“She of the Dreaming Sky” (2005) took time to assimilate. Randall describes her poetry as “spiritual poetry” and that is true. The challenge when reading “spiritual poetry” is not to be intimidated or put off by the intimacy expressed by the poet. A spiritual expression, in my mind, is an effort to get at as direct as possible the point of entry where the artist makes first contact with the word, music, image, motion, or other creative endeavor without judgement as it enters his or her conscious awareness. Anyone who can do this well for an entire poetry collection is to be commended.
Western European art and poetry often desire to use the entire planet’s cultural treasure chest in its creative expression. Randall uses the entire North American cultural palette with a deft hand. Some individuals may find reflections of their own insecurities in her poetry, and criticize her for that perceived appropriation. My response to such complaints is two questions: Who are you to order the structure of image or sound or voice of the interaction of a soul and spirit at point of contact? What are you projecting onto what is in front of you?
The poems within “She of the Dreaming Sky” took time to unwrap. I selected it from the bookstore shelf because it was the first woman-authored poetry collection I pulled from the shelf. First read-through I was disappointed. The poems felt cliché and, as someone who has over the years hung out with Tai Chi practitioners and aging hippies, tired. Then, I would read a line or phrase whose clarity stunned me.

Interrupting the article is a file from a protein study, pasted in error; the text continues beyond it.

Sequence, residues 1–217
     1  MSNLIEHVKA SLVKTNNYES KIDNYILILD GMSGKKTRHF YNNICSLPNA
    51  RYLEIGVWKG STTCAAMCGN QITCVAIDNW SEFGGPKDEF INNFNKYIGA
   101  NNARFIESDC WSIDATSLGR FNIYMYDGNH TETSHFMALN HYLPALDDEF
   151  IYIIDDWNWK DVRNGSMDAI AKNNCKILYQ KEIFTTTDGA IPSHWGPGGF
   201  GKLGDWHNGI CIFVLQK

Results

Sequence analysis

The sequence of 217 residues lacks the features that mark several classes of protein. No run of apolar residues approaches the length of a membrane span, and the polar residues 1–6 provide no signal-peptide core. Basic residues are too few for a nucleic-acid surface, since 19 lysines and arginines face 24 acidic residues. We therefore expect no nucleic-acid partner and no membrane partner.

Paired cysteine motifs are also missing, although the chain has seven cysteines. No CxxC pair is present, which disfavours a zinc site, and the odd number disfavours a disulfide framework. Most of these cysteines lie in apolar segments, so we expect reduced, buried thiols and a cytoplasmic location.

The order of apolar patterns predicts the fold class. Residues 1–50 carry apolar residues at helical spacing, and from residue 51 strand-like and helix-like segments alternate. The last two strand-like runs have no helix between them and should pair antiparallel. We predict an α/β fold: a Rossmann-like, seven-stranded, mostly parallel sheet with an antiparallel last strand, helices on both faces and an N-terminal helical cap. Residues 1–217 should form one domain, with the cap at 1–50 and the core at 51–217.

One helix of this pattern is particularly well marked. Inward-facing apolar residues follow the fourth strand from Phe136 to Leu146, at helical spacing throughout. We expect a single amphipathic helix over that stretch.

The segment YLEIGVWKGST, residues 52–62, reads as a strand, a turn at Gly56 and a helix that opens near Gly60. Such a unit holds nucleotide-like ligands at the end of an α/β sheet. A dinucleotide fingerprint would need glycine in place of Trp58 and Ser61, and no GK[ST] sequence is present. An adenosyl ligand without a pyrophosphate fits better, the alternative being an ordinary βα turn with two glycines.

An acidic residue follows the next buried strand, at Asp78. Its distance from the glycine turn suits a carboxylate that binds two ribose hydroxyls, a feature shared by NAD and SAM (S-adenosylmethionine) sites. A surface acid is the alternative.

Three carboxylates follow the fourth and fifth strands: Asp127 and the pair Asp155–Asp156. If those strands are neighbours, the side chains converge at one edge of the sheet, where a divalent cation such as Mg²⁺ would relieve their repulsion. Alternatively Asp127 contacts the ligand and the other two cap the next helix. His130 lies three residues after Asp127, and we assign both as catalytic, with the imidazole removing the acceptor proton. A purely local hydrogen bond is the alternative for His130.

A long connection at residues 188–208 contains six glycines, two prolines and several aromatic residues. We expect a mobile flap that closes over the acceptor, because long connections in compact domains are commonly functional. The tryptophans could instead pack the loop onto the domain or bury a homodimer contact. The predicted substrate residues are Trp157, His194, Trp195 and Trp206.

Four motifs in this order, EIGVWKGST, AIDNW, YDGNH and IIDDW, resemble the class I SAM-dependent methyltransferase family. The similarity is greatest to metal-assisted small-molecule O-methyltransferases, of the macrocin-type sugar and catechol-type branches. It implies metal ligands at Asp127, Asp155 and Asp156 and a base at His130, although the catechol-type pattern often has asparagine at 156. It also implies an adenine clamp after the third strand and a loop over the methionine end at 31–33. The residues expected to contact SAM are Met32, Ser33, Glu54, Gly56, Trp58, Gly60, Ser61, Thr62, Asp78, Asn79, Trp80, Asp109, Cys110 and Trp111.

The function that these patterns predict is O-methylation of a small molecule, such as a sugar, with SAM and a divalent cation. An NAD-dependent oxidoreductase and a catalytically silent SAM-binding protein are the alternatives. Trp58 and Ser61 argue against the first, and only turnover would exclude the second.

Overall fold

Reading the poems in “She of the Dreaming Sky” is like watching an autumn cloudy sky being cleared of gray clouds by a brisk north wind. The clouds are moving, going somewhere, and a patch of painfully blue sky appears above you. The brilliant blue sky is there existing behind the clouds all the time. You as reader must have patience to wait for the clouds to clear. One after another the poems became clear – or I became clear – with the passage of time.
The book comes with a compact disc sound recording of eight poems from “She of the Dreaming Sky” read with music in the background. This is a good multi-media presentation of the work. Artwork throughout the collection is by Randall. It all looks and sounds good.
“She of the Dreaming Sky” made me cognizant of what I project onto the world. I had to work for that realization, and to appreciate the quality of these poems. This collection contains many more good to excellent poems than okay to “meh” poems that you see in other collections identifying themselves as “spiritual poetry”. It is easy for “spiritual poetry” to be cloyingly grocery store cake frosting sweet, extremely earnest, and downright icky in my opinion. Randall avoids those pitfalls by crafting her poems to get to as close as she can to that point of contact between the subconscious and that part of her that devises words.
I have not located a website for either Diane C. Randall or her publisher Pearl’s Book ‘em Publisher. “She of the Dreaming Sky” is available on online and through your favorite local bookstore or library.
If you are interested in “spiritual jazz” I would recommend Raven Wolf C. Felton Jennings II. He creates spiritual jazz of the St. Louis tradition and is phenomenal. Pug Dog Records is his own label. As Raven Wolf says, “Change your music, change your life”. http://www.pugdogrecords.com/node/9